In­voice re­ceipt val­ue vs purc­hase order val­ue

In today's blog post I will show the necessary SAP® data and analysis steps to compare the purchase order value with the total invoice receipt amount.

Usually the invoice receipt amount should match the purchase order amount –or at least, those amounts should not differ too much. For example, if one laptop has been ordered with a net value of 1,000.00 €, an invoice with an amount of 1,000.00 € is expected accordingly (if the same article which has been ordered got delivered).

However, there may be reasons for discrepancies: There could be unplanned additional delivery costs which have not been entered when the PO was created, but now are stated on the vendors’ invoice. Another reason may be the simple fact that the invoice has been entered incorrectly when booking the invoice receipt (a typo for example) or the vendor created the invoice wrongly.

In SAP®, tolerance limits on PO line item level can be set up (percentages for example which will be accepted by the system automatically). However, if those limits are exceeded, they sometimes can just be accepted by the users if he is able to override them, or even the “unlimited overdelivery” flag could be in place.

Because of such scenarios it can be very interesting to compare the total invoice receipt value with the original purchase order value, like shown in this blog post.

Pur­chase or­der line items vs. in­voice re­ceipts

Purchase orders in SAP® can be displayed via the transaction "ME23N". It provides all details of the PO items. The tab "Order History" in the item details allows an insight into the corresponding goods receipts and invoice receipts which already have been entered in context of this PO line item. Looking at these values, the total invoice receipt amount can easily be compared with the PO item value for one specific PO by simply using the SAP® transaction ME23n.

However, this only allows to look at the data case by case, PO by PO. It is not a structured approach in terms of data analytics or analyzing “big data”, e.g. checking all purchase orders of the last two fiscal years regarding invoice receipt exceeding’s. To achieve this, you should consider looking at the SAP© tables containing the raw data:

The table "EKPO" contains the purchase order line items, e.g. material number, item text, quantity, price and total value. The table "EKBE" (“Purchase order history”) is interesting as well, as it contains - amongst other information - all invoice receipts which have been posted with reference to a PO. In addition to invoice receipts are several more event types in table EKBE that can happen in context of a purchase order line item. The most common SAP© event types are listed below:

An­a­ly­tic steps for com­par­ing in­voice val­ue vs. PO val­ue:

1. Processing the invoice receipts (table EKBE)

a) Isolating the invoice receipts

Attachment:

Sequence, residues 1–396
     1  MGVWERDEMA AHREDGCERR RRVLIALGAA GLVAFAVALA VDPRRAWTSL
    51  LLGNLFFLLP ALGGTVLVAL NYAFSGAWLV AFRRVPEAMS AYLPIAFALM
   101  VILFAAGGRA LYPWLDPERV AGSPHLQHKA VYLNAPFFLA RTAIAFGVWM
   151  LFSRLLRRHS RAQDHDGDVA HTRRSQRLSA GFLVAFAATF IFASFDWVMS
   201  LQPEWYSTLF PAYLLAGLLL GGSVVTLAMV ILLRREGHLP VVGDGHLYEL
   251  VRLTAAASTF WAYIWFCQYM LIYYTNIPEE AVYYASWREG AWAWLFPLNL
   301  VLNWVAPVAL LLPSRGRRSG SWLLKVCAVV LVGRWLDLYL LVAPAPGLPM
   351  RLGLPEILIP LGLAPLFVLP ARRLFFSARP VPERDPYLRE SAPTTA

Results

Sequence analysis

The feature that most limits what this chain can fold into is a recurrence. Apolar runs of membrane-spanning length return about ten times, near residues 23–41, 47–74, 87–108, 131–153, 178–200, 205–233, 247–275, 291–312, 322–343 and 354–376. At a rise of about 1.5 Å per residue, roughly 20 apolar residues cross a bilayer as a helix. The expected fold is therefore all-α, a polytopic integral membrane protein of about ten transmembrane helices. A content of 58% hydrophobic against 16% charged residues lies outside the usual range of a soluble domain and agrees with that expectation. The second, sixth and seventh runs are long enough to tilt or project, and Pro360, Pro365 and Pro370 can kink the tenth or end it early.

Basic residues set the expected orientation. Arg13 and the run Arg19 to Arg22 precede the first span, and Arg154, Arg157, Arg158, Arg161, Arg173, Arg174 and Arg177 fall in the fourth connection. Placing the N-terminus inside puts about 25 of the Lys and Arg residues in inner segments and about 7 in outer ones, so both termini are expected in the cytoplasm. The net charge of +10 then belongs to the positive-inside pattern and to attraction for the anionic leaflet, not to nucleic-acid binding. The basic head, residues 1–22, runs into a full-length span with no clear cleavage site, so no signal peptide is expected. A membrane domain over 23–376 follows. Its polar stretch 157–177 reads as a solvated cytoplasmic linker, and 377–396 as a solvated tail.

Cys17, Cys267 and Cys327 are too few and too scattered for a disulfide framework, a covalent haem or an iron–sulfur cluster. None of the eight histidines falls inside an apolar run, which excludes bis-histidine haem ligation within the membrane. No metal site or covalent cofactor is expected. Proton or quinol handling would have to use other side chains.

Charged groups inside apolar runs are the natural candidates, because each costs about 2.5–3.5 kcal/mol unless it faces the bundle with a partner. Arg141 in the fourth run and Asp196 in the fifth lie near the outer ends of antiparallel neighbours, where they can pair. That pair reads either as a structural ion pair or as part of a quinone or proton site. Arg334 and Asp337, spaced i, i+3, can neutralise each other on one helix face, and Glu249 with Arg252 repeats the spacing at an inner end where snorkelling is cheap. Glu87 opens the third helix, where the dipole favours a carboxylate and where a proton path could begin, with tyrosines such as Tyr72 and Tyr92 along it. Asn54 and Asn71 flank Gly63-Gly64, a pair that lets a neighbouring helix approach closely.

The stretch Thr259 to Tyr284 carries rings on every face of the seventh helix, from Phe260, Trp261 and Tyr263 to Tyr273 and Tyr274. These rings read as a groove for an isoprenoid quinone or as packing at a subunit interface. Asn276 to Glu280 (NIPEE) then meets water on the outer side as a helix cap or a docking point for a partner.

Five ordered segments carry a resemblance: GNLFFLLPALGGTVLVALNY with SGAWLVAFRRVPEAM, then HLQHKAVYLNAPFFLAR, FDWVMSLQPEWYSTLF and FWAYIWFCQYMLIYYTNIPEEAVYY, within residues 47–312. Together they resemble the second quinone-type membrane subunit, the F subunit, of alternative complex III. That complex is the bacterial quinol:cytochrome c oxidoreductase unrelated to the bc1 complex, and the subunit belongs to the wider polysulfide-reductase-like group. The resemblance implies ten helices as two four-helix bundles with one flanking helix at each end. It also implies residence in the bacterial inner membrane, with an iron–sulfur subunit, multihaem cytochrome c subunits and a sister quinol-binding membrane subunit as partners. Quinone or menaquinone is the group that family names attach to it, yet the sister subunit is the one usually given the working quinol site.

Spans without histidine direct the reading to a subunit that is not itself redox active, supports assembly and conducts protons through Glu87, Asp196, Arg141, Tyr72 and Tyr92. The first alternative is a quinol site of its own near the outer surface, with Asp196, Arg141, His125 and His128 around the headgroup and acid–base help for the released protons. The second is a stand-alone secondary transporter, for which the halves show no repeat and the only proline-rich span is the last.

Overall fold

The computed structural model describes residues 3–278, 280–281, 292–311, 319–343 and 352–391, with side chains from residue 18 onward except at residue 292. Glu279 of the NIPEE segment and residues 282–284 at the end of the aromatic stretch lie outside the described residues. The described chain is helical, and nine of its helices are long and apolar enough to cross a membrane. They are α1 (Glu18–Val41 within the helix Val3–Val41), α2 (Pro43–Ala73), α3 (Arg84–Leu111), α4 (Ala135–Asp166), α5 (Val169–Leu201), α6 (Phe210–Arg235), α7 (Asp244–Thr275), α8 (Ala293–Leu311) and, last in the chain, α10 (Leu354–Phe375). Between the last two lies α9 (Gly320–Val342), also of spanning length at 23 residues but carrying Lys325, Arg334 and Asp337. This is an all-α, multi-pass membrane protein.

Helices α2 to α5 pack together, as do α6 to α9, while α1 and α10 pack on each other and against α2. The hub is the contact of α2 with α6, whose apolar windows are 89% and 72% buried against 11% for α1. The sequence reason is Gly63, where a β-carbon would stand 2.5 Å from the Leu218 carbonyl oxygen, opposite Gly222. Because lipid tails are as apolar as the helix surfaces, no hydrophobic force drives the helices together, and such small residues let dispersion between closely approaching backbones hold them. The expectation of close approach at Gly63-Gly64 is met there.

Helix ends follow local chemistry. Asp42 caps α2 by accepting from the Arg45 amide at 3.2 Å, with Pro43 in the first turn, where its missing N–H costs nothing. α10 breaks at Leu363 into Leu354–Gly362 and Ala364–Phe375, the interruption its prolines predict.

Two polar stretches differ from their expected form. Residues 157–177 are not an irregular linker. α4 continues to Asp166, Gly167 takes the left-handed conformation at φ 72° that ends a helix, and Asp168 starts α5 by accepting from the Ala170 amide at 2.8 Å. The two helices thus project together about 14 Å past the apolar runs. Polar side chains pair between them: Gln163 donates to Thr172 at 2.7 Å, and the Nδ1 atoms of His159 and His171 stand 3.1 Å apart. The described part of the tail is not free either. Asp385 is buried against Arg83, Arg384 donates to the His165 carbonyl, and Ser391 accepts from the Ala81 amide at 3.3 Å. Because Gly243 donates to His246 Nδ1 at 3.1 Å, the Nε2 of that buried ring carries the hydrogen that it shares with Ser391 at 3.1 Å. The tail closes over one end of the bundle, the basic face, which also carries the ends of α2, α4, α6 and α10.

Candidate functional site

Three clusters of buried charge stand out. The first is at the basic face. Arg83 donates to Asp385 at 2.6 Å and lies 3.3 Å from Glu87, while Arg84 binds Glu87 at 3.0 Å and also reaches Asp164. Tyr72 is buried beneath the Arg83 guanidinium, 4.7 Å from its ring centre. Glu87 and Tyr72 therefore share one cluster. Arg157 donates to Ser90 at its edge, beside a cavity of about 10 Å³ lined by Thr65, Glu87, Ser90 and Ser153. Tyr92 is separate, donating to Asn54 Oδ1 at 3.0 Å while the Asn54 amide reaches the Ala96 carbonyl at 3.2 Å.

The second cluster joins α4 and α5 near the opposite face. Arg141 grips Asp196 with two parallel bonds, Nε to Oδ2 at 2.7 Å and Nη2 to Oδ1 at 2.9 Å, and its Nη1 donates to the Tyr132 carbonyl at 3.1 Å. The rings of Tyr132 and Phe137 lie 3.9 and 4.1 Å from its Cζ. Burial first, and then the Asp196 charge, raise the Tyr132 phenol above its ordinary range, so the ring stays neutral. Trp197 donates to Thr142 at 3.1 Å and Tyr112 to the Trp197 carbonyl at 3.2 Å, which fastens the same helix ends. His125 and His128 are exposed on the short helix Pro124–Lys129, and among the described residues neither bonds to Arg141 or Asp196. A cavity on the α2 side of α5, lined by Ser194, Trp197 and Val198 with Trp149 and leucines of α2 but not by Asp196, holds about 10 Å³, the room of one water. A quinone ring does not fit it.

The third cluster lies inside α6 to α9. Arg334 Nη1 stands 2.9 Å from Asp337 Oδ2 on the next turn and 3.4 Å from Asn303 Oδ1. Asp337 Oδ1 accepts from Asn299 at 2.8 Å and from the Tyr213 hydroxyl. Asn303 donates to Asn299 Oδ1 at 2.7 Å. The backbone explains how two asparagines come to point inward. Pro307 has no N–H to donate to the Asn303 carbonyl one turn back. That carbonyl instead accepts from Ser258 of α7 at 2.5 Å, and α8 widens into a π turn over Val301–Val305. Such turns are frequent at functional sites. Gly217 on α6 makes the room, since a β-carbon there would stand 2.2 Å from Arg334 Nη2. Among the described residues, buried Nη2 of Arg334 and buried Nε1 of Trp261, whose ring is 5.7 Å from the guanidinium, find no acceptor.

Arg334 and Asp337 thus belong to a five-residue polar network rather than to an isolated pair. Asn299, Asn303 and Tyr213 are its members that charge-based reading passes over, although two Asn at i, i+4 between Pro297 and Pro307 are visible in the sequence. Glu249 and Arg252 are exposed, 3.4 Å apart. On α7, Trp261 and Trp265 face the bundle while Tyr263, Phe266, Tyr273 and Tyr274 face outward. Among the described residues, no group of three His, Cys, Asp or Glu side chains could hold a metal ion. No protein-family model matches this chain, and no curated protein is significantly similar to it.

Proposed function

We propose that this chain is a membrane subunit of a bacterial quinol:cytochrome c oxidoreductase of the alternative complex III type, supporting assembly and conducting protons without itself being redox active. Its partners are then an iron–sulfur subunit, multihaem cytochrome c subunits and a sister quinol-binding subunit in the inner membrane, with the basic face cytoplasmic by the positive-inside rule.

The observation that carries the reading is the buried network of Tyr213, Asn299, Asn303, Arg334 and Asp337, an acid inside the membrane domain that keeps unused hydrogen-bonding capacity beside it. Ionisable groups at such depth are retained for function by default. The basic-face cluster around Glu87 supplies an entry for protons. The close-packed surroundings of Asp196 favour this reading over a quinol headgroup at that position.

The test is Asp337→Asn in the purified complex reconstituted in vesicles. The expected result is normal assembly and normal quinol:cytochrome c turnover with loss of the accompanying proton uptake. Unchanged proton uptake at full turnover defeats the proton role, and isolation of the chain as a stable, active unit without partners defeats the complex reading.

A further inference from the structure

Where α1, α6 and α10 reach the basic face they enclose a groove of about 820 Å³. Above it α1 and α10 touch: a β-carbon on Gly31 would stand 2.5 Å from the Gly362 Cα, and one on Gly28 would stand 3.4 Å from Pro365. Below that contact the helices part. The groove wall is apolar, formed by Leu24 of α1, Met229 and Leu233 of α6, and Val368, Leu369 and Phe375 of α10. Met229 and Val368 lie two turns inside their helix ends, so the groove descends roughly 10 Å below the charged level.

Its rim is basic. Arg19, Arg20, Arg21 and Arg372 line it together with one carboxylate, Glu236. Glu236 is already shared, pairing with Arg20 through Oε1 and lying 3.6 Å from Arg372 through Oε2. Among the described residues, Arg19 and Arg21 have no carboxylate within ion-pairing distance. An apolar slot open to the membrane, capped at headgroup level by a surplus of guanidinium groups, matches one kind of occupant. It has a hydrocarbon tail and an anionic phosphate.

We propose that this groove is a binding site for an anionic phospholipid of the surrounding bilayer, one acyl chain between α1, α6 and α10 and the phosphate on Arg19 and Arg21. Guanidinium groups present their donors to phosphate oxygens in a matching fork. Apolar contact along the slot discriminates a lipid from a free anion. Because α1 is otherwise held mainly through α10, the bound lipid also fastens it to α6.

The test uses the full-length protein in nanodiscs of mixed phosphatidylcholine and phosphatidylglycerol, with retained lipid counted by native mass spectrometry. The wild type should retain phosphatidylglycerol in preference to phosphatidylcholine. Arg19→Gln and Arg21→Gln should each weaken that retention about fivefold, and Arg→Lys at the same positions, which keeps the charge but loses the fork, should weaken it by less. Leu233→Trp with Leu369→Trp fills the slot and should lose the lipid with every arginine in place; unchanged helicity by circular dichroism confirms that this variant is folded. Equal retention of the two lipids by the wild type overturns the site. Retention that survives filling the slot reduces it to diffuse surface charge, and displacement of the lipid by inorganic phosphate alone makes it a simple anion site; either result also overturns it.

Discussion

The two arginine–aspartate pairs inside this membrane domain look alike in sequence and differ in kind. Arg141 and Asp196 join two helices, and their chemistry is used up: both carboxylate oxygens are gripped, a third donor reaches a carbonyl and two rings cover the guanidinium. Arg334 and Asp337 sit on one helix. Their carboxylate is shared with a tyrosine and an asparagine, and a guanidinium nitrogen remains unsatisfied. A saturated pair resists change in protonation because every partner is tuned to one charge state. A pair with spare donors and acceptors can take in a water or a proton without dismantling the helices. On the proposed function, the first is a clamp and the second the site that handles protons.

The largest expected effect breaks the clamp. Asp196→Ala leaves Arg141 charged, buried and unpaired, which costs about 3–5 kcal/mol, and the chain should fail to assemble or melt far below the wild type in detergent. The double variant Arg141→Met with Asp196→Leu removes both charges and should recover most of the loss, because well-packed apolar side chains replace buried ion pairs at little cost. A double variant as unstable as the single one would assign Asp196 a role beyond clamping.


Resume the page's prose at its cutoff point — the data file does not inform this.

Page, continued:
As described above, this table contains a variety of different event types. For our task only the invoice receipts are essential. The necessary transactions can be filtered and isolated by putting them in a new table.

b) Applying the Debit /Credit indicator to use the correct amount

In most SAP® financial tables you will find only absolute amounts. Those have to be looked at in context of the associated debit/credit indicator (“S” for Debit, “H” for credit). In order to answer the audit question currently, each invoice receipt amount must be transferred into a positive or negative amount depending on the debit / credit indicator. It should be negative, if the indicator is “H" (Credit), and positive if the indicator is “S” (Debit). As the following example shows, this is important because of credit notes or reversed invoices, which will also be listed in the purchase order history as “Invoice received” event:

In this example, three invoice receipts listed for the purchase order item. Having a closer look we can see, there are two debit ("S") lines and one credit "H" line. This means that two invoices have been entered, but one invoice was cancelled (or a credit note was entered). This means, only a total invoice receipt amount of 600 € is relevant (600-600+600).

c) Summarizing all invoice receipts

The possibility of multiple invoice receipts (or credit notes / cancellations) can be taken into account by summarizing the data on PO line item level, using the purchase order number and item number plus cumulating the positive and negative amounts as explained above allows us to identify the total (cumulated) invoice receipt amount for each PO line item.


2. Combining purchase order items (EKPO) versus summarized invoice receipts (EKBE)

The purchase order items and the summed up invoice receipts can now be combined by using purchase order number and line item number. Once you have the purchase order and invoice receipt values next to each other, the difference between the net order value and the total invoice receipt value can be calculated. The following figure shows an example of the result:

In the same way you could include the goods receipts values to compare all three process steps in one single table.


A very quick but important analysis to identify too high invoice receipts from vendors. The main trick is to consider the fact of multiple invoice receipts (including credit notes or reversed invoices, which have to be deducted). A final tip - not only for this analysis - keep the currency of the amounts in mind, and be careful not to compare values of different currencies without adjusting them first.

Best Regards
Florian Popan

P.S. For any comments or questions, feel free to write us at info@dab-gmbh.de.

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